It seems as if every Jew of color has “that story.”
Sometimes it happens at temple, where other worshippers inquire why they are there, said Harriette Wimms, an African American psychologist from Baltimore. “Or they assume you’re the nurse of a congregant or a member of the kitchen or cleaning crew.”
Often, there’s the assumption a person of color couldn’t possibly be Jewish from birth. “Some people ask how you became Jewish, which is rarely asked of white-skinned Jews,” she said.
Wimms, 53, an advocate for Jewish diversity, hopes to offer an oasis from such experiences at the first Jewish People of Color National Shabbaton, which will be held virtually from Friday through Sunday.
The Shabbaton, a Hebrew term that refers to a retreat or celebration held on the Jewish Sabbath, will be a gathering for Jews of color and their families, as well as allies from around the nation. Programs will be aimed at education and fostering resilience and will be open to Jews of all denominations, said Wimms, who also runs the Jews of Color Mishpacha Project, which offers workshops and gathering spaces for the community. (“Mishpacha” means “family” in Hebrew.)
With antisemitic attacks near historic highs and police shootings of unarmed Black people roiling the country, it’s been a particularly stressful year for Jews of color, organizers said. They often feel stuck between intersecting strains of hatred.
“The Shabbaton is cultivating supportive spaces for members of the JOC community,” said Heather Miller, president of one of the event’s sponsors, the Flatbush & Shaare Torah Jewish Center in Brooklyn. “It’s a place for us to lean on each other and learn from each other. It’s going to be a moving experience just to be with so many people who immediately understand.”
At a breaking point:Subjected to antisemitism and racism, Jews of color feel ‘stuck in the middle’
A supportive services navigator for the South Jersey Jewish Abilities Alliance, Lauren Rudin was immediately enthusiastic about the Shabbaton after hearing about it through Facebook.
“I’m looking forward to attending what will be, for me, the first event of this kind, where I am worshipping with people who look like me and share similar experiences and backgrounds,” said Rudin. “I’m also looking forward to learning more about the people who make up the beautiful tapestry that is Judaism.”
How big is America’s nonwhite Jewish population?
Estimates of America’s nonwhite Jewish population vary. Whether due to conversion, adoption, intermarriage or increasing recognition of existing diversity, their numbers appear to be rising, particularly in cities with significant Jewish populations, such as New York, Los Angeles and Miami, experts say.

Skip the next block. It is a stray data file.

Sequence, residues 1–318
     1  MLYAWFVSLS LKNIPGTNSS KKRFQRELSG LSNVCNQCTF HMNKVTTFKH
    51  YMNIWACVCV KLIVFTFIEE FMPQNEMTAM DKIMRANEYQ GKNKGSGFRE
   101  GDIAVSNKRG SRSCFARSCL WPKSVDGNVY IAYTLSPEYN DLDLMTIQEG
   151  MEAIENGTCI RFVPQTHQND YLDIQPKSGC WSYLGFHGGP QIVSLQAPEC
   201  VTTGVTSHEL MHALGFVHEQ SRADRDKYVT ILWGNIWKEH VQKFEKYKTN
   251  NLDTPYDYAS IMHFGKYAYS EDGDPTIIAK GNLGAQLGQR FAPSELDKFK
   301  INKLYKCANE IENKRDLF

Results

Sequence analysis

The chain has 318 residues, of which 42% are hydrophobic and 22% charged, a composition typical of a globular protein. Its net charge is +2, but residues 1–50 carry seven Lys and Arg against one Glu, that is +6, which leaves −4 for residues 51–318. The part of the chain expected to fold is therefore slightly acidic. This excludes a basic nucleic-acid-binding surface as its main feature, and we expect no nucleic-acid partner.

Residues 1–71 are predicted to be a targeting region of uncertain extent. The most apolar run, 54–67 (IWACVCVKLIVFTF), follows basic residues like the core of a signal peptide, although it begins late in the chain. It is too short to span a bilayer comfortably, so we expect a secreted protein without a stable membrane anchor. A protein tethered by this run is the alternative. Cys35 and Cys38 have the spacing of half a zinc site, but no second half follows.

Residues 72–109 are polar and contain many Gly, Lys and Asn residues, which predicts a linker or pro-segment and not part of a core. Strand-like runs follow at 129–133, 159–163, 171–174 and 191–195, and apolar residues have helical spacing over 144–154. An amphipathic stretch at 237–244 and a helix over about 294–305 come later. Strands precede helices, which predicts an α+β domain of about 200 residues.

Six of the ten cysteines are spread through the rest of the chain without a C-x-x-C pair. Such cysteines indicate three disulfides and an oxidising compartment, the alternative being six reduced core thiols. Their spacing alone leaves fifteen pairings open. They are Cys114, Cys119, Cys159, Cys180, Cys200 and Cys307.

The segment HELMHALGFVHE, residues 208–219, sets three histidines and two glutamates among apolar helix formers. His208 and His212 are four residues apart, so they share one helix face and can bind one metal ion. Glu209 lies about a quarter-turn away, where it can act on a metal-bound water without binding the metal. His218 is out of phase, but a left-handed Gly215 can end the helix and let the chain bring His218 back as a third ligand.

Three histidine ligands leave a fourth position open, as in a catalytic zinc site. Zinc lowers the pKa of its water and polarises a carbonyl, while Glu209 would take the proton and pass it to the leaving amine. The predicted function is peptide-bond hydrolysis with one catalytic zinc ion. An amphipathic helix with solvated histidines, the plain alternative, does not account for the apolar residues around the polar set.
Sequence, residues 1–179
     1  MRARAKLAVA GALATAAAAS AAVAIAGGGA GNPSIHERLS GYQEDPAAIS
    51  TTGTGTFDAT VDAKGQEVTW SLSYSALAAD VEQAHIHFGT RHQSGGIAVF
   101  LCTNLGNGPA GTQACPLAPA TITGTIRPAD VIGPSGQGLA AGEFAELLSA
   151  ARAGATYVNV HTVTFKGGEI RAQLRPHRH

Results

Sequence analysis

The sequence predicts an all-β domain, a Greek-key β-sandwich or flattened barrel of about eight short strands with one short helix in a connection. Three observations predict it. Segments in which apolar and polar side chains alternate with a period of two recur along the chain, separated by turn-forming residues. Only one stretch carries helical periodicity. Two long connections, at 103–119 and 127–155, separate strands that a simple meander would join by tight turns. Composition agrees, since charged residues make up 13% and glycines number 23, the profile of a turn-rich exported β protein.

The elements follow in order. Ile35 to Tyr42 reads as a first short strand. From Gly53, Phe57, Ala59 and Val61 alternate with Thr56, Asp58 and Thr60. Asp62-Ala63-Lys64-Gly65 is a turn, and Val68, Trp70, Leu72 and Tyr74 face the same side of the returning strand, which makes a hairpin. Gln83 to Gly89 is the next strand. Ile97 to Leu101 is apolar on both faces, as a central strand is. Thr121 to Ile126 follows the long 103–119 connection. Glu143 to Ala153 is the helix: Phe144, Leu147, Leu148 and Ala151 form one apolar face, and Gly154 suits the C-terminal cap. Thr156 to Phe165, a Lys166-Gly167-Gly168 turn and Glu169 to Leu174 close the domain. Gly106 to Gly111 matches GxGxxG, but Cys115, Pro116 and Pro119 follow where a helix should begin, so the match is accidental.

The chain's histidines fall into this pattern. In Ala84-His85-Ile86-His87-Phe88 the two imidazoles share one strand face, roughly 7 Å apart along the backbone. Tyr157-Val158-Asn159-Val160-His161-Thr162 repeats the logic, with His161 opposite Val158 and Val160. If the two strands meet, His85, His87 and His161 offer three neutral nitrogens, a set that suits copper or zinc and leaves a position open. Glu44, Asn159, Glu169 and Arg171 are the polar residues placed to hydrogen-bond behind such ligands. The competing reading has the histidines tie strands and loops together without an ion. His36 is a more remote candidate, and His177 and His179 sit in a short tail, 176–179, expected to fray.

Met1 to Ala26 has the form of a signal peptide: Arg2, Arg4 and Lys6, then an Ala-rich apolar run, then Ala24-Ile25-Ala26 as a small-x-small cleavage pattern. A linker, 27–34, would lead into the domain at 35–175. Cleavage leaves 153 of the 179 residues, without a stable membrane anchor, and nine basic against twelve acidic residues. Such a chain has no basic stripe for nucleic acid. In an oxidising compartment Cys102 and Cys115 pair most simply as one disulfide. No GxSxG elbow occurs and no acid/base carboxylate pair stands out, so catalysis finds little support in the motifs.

Population surveys have been a topic of debate. Although a 2013 Pew Research Center study found that 6% of adult American Jews define themselves as people of color, researchers for the American Jewish Population Project at Brandeis University put the number closer to 11%.
And a 2019 study commissioned by the Jews of Color Initiative in Berkeley, California, which also included children in its total, found that Jews of color represent about 12% to 15% of the American Jewish population, or about 1 million of the 7.2 million Jews in the United States.
There’s been a growing number of JOC-led and focused organizations in recent years, said Ilana Kaufman, executive director of the Jews of Color Initiative in San Francisco. She counts more than 70 organizations, Facebook groups and influencers for Jews of color.
Want more coverage?Sign up for This Is America, USA TODAY’s newsletter on race and identity
“For so long, the only options have been for Jews of color to participate in shabbatonim as the minority,” she said, adding, “That can take away from the purpose and experience. [It] can burden rather than provide lift.”
Wimms’ own Jewish journey began a decade ago while she was attending a 9/11 memorial service at a conservative Jewish congregation in Baltimore. Her son, Harrison, who was 7 at the time, picked up a prayer book, and a woman admonished him to be careful with the sacred text. The woman clearly had rebuked him because of his skin color, Wimms recalled.
The rabbi at the synagogue contacted Wimms to apologize, and they ended up talking in depth about Judaism. The following year, they began studying together. Wimms converted three years later and celebrated an adult bat mitzvah in the congregation two years after that.
“It will be beautiful and empowering to be in a place where Jews of color are leading,” Wimms said of the Shabbaton. “People have already told me, ‘We needed this for so long.'”